New York’s local governments have borrowed about $200 million this year from the state’s retirement fund, $156 million more than last year, when the program to spread out pension costs was implemented.
About 165 of more than 3,000 local governments, school districts and agencies opted into the program, which requires that they pay interest to the $140.3 billion fund on the deferred portion of their pension payments, Eric Sumberg, a spokesman for Comptroller Thomas DiNapoli, said in an e-mail today. The state also plans to use IOUs for at least $562.9 million as part of the program this year, Sumberg said.
“While the state’s pension fund is one of the strongest performers in the country, costs have increased due to the Wall Street meltdown in 2008-2009,” DiNapoli, a 58-year-old Democrat, said in a statement. “Amortizing pension costs is an option for some local governments to manage cash flow and to budget for long-term pension costs in good times and bad times.”
New York’s retirement fund, the third-biggest U.S. public pension, had 101.5 percent of the money needed to pay its obligations in 2010, better than any other state, according to an annual study by Bloomberg Rankings. To keep it funded after losses incurred in the financial crisis, the system has increased the payments made by local governments.
By 2015, 35 percent of local budgets will be consumed by pension costs, up from 3 percent in 2001, Governor Andrew Cuomo said yesterday at a meeting of the New York State Conference of Mayors and Municipal Officials in Albany, the capital.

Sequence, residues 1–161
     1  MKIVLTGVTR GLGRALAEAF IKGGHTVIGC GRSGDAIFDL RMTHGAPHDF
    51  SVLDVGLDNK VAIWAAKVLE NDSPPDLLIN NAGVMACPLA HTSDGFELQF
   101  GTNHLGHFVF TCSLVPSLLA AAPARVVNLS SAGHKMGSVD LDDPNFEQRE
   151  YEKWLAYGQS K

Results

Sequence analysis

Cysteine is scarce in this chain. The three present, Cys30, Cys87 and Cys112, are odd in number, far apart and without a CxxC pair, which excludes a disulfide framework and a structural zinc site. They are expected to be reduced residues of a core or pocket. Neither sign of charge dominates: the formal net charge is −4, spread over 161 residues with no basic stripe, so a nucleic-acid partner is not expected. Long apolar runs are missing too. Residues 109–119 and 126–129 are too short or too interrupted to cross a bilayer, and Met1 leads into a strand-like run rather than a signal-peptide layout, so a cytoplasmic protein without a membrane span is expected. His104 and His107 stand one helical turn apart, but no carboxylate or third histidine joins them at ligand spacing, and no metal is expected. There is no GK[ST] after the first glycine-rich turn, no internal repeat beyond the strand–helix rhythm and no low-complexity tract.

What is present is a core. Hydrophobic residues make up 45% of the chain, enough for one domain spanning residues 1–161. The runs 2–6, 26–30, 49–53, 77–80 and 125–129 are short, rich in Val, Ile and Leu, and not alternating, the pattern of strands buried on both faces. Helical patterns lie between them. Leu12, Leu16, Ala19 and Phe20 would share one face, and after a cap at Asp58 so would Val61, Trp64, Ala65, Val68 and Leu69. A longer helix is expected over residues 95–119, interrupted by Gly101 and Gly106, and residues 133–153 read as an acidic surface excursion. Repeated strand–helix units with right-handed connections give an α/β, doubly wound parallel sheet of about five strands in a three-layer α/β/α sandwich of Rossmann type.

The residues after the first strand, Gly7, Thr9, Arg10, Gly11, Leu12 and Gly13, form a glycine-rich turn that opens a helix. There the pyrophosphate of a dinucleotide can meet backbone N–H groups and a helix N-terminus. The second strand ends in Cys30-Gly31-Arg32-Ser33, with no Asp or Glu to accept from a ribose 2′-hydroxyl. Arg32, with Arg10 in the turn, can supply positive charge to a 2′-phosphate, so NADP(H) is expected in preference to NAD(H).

Under similar circumstances, other states, including Illinois, have issued bonds to fund their retirement plans.
New York’s voluntary plan to defer some cash payments was created in 2010 by DiNapoli. It allows state and local governments to hold off on paying a portion of pension costs if they agree to pay interest on the deferred amount. The plan is meant to smooth out fluctuations in the rate public employers pay to the system by also allowing localities to build reserve funds when earnings on the fund are high.
Last year, local governments deferred $43.4 million, Sumberg said. The totals for this year were reported earlier today by The New York Times.
“It doesn’t make the obligation go away, but gives you the opportunity to amortize, over a period of time, the increase,” DiNapoli said yesterday at the mayors conference. “It gives you help right now, not 30 years from now.”
Cuomo is pushing for a pension overhaul he says would save $113 billion over 30 years for public employers, including New York City, in part by raising the retirement age to 65 from 62 for most workers and offering a 401(k)-type option to new ones.